Medicaid Expansion

The expansion of Medicaid eligibility to those with incomes up to 133% of the federal poverty level, included in the ACA, has been an extremely contentious issue in Michigan in spite of the governor’s strong support and inclusion of the federal funds to expand Medicaid eligibility and the state savings in his FY 2014 budget recommendation. Both the House and Senate rejected the governor’s recommendation. An alternate bill, H.B. 4714, was finally passed by both chambers in September 2013. The final bill requires federal waivers and focuses on healthy behaviors, beneficiary cost sharing and numerous program improvements. Due to the Senate denial of immediate effect, the Medicaid expansion will be delayed from the Jan.1, 2014 date included in the legislation, likely to April 1, 2014, leaving low-income, working residents uninsured for an extra three months.

Subsidy Calculator Available Now

The Kaiser Family Foundation developed a subsidy calculator that estimates the consumer’s share of annual premiums, the amount of their federal subsidies, and cost sharing limits based on income, household size, age, and tobacco usage. This calculator is available to obtain estimates until actual premium and cost-sharing information is provided through the Marketplace.

Consumer Outreach, Education and Enrollment

A key function of the Marketplace is consumer outreach, education, and enrollment. The Marketplace must be accessible through a website, by phone or in-person. Direct consumer assistance will be available to guide consumers through the process of comparing plans, choosing the option that best meets their healthcare coverage needs and budgets, and applying for tax credits. Every marketplace must have a Navigator program as well as Certified Application Counselors. Michigan received a $2.5 million federal grant for its Navigator program. Grants were awarded to:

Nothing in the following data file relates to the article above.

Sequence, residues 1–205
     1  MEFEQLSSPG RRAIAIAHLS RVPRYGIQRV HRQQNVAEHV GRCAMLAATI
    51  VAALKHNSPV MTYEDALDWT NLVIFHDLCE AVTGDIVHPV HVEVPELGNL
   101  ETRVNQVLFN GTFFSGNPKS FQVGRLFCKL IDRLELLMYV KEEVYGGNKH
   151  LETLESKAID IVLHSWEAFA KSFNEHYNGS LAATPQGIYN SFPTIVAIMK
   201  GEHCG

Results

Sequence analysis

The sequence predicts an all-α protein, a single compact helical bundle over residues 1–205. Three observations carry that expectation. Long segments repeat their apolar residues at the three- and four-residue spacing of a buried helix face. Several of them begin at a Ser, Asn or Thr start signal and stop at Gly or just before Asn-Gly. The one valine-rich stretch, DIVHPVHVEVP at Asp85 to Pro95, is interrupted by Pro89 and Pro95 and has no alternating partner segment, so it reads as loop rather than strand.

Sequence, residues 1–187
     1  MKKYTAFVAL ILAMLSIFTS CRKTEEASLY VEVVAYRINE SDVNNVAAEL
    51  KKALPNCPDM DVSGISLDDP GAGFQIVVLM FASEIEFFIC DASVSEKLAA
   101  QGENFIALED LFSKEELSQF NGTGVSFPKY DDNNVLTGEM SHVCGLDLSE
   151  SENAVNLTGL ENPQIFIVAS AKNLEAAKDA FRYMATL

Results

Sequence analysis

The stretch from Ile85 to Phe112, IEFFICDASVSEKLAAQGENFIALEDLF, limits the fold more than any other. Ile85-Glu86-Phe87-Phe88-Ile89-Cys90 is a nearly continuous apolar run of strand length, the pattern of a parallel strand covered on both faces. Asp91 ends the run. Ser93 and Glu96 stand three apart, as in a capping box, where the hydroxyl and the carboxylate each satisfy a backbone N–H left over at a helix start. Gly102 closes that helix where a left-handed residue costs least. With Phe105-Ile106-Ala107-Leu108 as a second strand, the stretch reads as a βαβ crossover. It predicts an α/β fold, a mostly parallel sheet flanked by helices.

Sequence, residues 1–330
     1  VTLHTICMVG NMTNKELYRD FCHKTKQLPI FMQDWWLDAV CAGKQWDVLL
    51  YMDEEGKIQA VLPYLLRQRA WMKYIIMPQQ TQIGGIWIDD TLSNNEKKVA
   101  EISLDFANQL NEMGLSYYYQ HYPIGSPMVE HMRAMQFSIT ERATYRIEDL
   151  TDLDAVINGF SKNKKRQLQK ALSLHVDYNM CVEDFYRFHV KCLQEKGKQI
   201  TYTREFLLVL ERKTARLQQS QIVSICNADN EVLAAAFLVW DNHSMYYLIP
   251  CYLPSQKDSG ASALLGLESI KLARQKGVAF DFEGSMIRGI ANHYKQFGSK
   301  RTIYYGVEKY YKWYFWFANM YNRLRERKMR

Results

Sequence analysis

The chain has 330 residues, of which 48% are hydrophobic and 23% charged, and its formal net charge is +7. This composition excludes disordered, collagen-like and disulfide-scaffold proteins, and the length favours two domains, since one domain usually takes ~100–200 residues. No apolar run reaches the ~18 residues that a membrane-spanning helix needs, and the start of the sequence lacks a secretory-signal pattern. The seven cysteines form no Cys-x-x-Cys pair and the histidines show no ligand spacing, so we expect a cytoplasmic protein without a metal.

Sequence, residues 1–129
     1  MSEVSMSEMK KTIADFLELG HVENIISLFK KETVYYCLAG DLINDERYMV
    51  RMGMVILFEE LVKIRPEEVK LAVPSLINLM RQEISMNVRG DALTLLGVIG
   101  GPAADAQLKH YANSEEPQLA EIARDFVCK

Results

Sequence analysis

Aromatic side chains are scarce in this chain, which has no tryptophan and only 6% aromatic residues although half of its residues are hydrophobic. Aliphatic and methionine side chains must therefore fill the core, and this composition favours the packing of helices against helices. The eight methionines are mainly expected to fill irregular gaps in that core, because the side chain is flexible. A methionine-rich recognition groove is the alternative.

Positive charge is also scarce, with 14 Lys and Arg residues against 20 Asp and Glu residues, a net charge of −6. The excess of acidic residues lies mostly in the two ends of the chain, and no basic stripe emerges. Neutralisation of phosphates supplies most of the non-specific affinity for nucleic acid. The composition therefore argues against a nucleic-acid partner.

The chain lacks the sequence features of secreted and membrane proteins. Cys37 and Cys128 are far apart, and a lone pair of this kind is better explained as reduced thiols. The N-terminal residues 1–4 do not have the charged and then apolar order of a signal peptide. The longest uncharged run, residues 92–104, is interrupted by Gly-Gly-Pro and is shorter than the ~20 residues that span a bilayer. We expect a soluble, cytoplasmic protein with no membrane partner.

• Michigan Consumers for Healthcare – $1,319,345
  • Community Bridges Management, Inc. – $896,366
  • Arab Community Center for Economic & Social Services – $276,593
  • American Indian Health & Family Services of Southeastern Michigan, Inc. – $49,583.50

Even though “apples to apples” comparisons will be available in readily understandable terms rather than insurance jargon, consumer assistance will be essential to families and individuals to help them determine the plan that best meets their needs. Out-of-pocket costs, including copays and deductibles, provider networks, and the specific benefits will vary by plan, making selection of the right combination a challenge.

Consumer Protections

Consumer protections will also be a key function of the Marketplace and will provide confidence to those who purchase insurance coverage. Health plan premium increases will be monitored by the Marketplace to ensure they are reasonable and justified. Marketing standards will be established to prohibit unethical advertising and provider network standards will be established to ensure the plans sold in the Marketplace have adequate doctors and other providers available in their plans. Health plans will be required to report quality and customer satisfaction ratings to help consumers make informed choices. In addition, effective Jan. 1, 2014, health plans will no longer be allowed to deny coverage or charge higher premiums for adults (these protections for children were implemented in 2010) with pre-existing conditions, lifetime limits can no longer be imposed, and annual limits are phased out. Women will be charged the same rates as men for comparable coverage.